The so-called McSharry reforms changed the balance of the Common Agricultural Policy from price support to direct payments to farmers. Under the original reform measures, supports were linked to or coupled with production. They included, in particular headage payments for livestock and arable aid payment. Ultimately markets were still distorted and there was significant overproduction.
The market support arrangements have remained in place at all times but now apply to a narrower range of products. In 2007, a single common market organisation measure replaced 21 specific organisation measures. The intervention and price support levels are now minimal such that the price support elements have gone from approximately 95 percent of all support to be approximately 5% percent.
The single payment was introduced in 2005 to 2007 as a decoupled direct payment unlinked to production. States were given a measure of discretion as to its implementation. In Ireland, it was generally based on the amount of support received in the reference years 2002 to 2004.
States were given a discretion as to basing payment on historic payments or a flat rate per hectare. Different administrations have different approaches. England adopted a hybrid transition to flat-rate payments from a historical basis with flat rate by 2012. Ireland seeks to go to a flat rate by 2020.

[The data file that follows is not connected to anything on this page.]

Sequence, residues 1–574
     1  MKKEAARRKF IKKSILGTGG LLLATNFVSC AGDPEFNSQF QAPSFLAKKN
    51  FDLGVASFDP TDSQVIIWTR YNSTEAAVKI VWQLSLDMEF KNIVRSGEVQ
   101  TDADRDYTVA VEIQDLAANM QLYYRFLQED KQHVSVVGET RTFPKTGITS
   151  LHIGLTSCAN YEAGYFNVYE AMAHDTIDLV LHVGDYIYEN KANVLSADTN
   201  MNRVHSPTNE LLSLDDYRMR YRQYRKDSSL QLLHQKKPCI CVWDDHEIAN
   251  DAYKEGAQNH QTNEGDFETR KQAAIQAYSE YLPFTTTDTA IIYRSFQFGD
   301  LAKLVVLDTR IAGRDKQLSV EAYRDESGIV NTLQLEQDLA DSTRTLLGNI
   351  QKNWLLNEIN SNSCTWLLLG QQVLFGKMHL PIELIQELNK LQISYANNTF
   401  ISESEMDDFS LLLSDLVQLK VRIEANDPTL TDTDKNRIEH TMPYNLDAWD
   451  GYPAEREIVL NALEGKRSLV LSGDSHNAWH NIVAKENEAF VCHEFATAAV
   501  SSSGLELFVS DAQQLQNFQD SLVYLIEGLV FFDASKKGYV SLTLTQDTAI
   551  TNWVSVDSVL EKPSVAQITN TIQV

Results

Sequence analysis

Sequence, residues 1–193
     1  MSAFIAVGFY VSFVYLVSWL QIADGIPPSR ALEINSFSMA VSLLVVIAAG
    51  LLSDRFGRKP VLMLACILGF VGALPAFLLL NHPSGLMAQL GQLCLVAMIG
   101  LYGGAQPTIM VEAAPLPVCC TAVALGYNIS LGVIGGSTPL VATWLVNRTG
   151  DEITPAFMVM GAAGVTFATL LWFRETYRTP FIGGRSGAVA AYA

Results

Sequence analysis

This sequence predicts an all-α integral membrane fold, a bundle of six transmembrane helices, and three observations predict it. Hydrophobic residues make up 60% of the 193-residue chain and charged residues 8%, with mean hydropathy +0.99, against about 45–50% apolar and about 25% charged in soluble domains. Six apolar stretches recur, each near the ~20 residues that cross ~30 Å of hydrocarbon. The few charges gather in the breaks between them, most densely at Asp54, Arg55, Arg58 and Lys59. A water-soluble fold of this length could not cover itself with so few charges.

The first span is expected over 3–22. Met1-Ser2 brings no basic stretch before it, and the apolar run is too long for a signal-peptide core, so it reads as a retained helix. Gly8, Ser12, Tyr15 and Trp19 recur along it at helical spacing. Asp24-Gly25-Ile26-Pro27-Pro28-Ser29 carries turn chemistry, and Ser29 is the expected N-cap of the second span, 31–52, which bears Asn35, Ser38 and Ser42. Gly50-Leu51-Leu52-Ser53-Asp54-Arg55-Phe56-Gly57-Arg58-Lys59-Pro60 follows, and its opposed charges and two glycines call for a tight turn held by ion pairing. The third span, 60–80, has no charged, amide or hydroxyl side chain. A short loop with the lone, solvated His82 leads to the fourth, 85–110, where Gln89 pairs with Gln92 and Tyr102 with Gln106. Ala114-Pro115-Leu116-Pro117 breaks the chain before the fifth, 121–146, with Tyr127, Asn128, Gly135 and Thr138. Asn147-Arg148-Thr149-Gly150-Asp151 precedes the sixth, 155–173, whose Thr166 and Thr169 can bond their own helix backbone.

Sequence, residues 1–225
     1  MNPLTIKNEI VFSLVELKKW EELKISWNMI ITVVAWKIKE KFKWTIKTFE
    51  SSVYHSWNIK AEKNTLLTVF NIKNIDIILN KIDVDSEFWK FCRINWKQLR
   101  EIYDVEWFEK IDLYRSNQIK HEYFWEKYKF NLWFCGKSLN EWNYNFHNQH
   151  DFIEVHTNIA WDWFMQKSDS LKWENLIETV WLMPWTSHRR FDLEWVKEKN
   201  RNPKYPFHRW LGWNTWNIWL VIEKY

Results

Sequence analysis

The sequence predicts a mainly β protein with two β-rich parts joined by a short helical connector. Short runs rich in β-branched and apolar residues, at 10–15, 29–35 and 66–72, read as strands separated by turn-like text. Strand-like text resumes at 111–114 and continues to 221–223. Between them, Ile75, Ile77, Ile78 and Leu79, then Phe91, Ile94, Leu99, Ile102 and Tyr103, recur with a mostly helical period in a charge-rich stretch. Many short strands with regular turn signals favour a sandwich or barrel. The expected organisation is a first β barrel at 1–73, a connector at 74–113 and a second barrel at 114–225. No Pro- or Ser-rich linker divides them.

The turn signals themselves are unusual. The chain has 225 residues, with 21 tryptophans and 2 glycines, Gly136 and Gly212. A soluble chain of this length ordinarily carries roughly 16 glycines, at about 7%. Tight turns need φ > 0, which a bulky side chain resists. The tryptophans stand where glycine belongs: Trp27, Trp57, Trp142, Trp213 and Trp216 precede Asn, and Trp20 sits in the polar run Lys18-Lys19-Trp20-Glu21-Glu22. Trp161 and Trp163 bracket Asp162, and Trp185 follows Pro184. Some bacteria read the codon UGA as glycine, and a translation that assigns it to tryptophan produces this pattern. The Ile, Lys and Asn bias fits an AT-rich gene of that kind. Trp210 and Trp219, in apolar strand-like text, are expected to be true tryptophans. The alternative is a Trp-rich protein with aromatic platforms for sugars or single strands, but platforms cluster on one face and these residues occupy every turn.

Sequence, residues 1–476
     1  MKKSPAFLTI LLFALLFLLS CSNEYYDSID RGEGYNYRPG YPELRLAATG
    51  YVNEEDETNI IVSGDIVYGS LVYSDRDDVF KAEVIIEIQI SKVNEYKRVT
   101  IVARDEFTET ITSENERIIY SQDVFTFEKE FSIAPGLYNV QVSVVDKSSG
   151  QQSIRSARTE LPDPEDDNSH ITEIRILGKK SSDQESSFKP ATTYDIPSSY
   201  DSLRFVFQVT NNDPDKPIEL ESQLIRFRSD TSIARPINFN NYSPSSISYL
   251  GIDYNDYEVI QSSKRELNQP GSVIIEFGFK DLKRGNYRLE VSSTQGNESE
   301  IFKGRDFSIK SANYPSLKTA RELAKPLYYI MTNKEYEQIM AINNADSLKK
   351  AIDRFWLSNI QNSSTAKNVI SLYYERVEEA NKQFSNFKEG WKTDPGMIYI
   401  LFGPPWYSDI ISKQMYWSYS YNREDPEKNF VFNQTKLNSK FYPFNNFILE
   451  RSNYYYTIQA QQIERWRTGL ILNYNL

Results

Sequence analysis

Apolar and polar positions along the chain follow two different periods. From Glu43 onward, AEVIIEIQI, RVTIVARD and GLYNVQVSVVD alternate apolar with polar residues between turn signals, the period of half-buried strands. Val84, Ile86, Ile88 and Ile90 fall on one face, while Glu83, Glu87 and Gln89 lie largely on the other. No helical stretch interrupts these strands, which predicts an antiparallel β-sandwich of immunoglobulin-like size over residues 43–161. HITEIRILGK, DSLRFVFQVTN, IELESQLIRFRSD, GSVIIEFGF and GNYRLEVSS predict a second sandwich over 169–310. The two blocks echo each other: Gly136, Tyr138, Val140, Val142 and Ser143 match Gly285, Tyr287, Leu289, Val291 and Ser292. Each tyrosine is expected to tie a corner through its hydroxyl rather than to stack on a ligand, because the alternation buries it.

In each case, the farmer is obliged to comply with compliance requirements to receive the full payment. The farmer must have the relevant land in use and must comply with good agricultural and environmental practices. These are the so-called cross compliance requirements.
Rural Development Measures
The CAP has been criticised as irrational in terms of how funds are raised and how they are distributed. It is distributed primarily on the basis of historic entitlement. It is argued not to provide value for money. It is argued that the environmental and public good aspects represent poor value for money. It is argued that money might be better spent in other ways with more direct support for the environment, wildlife and public health.
An increasing share of Common Agricultural Policy funds is devoted to other rural development measures. Pillar one comprises the direct support payments. Pillar two comprises rural development and environmental measures. These are drawn together in a single framework. Agriculture resources are made available from the EU budget to each state on a matching basis for multi-annual periods of seven years.
The United States reformed its agricultural policies by the Farm Act, 2014. It moved away from direct and replaces it with cyclical payments and insurance. Environmental payments are an important element Payments are made to take land out of production. The reformed agricultural policy in 2012 sought to shift from reactive income support to protecting producers from severe market effects and natural disasters.
Canadian agricultural support consists of various layers of subsidised risk management tools for farmers such as income insurance and subsidise savings.